Third, the password you receive is encrypted with MD5. You will need to brute-force this. If it is below 8 digits/letters, this is really no problem for todays computer.


Yes it is possible, but it does take some time and several requirements must be met. The easiest way is still (IMHO) to sniff the hourly REGISTER message (which contains the same MD5 hashed password).


Just tested this on Linksys SPA2100, Grandstream GXV3000 and Fritz7270(in LAN client mode) and it worked to get the password from all of them. This is bad… really bad… further updates are coming..


Are your provider ready for VoIP?

Companies are jumping on the VoIP wagon, but need to do their homework before implementing it locally and choosing a provider!

Tyler Merritt has written a nice article about it, I borrowed the bullet points:

Ask the provider detailed questions about their backbone.
Do they host their servers in a reputable data center? Do they get their bandwidth from a well-known provider like Level 3? A friend of mine thought it would be neat to start a VoIP company and began offering services through machines hosted in his garage. He did some good business for awhile, but his company didn’t last long.

Make sure your VoIP service requires authentication.
This point may seem like a no-brainer, but many VoIP providers do not require registration from the customer, making toll fraud incredibly easy for even amateur hackers. Authentication strings that use a hash in place of a clear-text password provide required security.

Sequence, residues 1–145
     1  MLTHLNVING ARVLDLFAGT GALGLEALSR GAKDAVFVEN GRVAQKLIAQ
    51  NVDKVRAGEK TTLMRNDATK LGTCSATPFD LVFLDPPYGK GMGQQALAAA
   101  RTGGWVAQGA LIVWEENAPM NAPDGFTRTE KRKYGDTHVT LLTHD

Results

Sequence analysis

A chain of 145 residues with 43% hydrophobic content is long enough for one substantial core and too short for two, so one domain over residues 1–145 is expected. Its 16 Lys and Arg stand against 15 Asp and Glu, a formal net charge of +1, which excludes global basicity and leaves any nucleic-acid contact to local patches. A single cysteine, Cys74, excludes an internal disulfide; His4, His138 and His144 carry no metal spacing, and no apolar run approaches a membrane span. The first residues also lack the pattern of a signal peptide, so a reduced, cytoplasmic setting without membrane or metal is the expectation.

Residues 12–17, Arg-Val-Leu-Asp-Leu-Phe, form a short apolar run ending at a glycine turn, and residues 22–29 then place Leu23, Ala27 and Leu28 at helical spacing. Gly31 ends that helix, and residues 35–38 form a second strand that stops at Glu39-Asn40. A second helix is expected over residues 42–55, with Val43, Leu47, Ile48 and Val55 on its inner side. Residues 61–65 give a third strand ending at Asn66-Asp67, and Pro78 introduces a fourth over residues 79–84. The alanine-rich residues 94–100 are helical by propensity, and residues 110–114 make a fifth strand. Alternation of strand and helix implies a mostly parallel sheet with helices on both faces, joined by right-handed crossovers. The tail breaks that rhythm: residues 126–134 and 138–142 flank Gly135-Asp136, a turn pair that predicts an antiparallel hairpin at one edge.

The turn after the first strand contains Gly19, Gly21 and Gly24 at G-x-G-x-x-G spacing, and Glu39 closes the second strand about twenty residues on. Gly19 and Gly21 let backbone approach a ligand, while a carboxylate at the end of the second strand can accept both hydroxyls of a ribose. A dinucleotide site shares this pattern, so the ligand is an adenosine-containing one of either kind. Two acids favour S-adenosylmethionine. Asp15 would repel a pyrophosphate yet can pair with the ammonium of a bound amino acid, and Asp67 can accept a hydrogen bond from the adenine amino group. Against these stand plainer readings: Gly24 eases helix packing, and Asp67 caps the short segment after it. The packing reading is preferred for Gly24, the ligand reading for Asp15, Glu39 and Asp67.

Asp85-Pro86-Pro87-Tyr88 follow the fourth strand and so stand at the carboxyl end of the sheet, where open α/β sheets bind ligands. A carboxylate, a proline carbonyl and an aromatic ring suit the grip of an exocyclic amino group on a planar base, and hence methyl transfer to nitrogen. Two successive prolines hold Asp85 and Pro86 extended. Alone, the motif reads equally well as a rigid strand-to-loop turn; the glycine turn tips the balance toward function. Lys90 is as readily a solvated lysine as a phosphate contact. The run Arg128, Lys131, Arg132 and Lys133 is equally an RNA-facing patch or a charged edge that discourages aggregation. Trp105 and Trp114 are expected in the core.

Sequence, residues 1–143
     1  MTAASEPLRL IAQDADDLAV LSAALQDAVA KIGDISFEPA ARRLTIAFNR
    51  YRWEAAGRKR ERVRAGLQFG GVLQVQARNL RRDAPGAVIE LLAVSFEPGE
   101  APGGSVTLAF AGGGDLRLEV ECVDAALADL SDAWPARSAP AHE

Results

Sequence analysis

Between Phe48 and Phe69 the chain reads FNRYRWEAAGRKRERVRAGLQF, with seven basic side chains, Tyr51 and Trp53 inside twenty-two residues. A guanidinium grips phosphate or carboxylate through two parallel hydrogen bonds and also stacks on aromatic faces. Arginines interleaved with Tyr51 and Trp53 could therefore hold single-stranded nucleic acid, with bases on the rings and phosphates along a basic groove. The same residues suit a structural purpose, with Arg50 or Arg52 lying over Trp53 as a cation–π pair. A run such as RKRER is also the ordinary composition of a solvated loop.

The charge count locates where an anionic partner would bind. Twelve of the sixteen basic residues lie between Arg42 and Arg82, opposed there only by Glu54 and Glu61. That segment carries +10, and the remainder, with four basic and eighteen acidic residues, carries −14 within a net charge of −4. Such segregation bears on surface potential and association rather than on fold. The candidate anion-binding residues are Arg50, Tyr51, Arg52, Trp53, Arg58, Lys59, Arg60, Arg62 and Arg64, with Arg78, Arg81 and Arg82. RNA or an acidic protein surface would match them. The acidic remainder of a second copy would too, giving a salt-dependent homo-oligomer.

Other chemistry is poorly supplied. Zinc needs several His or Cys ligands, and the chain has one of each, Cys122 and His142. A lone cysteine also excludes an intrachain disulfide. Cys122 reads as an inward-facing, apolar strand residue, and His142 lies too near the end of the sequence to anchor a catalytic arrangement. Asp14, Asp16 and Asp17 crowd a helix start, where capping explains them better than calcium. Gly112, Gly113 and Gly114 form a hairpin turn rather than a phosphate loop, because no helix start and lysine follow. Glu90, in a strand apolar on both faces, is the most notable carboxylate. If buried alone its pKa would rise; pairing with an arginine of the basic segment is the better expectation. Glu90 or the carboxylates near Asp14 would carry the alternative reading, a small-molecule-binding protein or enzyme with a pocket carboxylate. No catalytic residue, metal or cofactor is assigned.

Find out what kind of VoIP architecture the provider uses.
Is their network built on a proprietary solution like Broadsoft or do they make use of Open Source VoIP solutions like Asterisk? Proprietary may turn out products with fewer initial bugs and open lines of communications to the developer via a support team, but Open Source means a much larger community of devoted followers hammering away at the application out of sheer pride and commitment to excellence. Asterisk is the most widely deployed Open Source telephony platform in the world precisely because so many people have contributed hours upon hours towards development and stability.

Figure out the DTMF type up front!
With analog lines and PRIs, DTMF was never really a consideration. VoIP companies have choices like rfc2833, inband, and info – and some companies use a different DTMF setting for inbound calls and outbound calls! If customers can reach your Auto Attendant but can’t dial an extension because key presses aren’t recognized, you might as well not have a phone system at all. This one is the Achilles Heel for almost every company I know.

Make sure your network supports QoS.
It cannot be stated enough that VoIP traffic on your network needs an all-access pass to the HOV lane. Because VoIP uses UDP instead of TCP, there are no second chances for these packets. They need to arrive in order, unchanged every time. If your network equipment does not support QoS, simple things like sending an email when someone is on the phone will have a noticeable effect to the conversation. Some customers may detect “clipping” or “clicking” on the line however briefly. A good QoS policy protecting VoIP easily soothes its greedy need for dedicated bandwidth. VoIP does not like to share.


Google Voice has arrived!

Then GrandCentral has been re-launched as Google Voice.

Look at the interfaces here: or go to go get your own account (will be opened for new users within days..)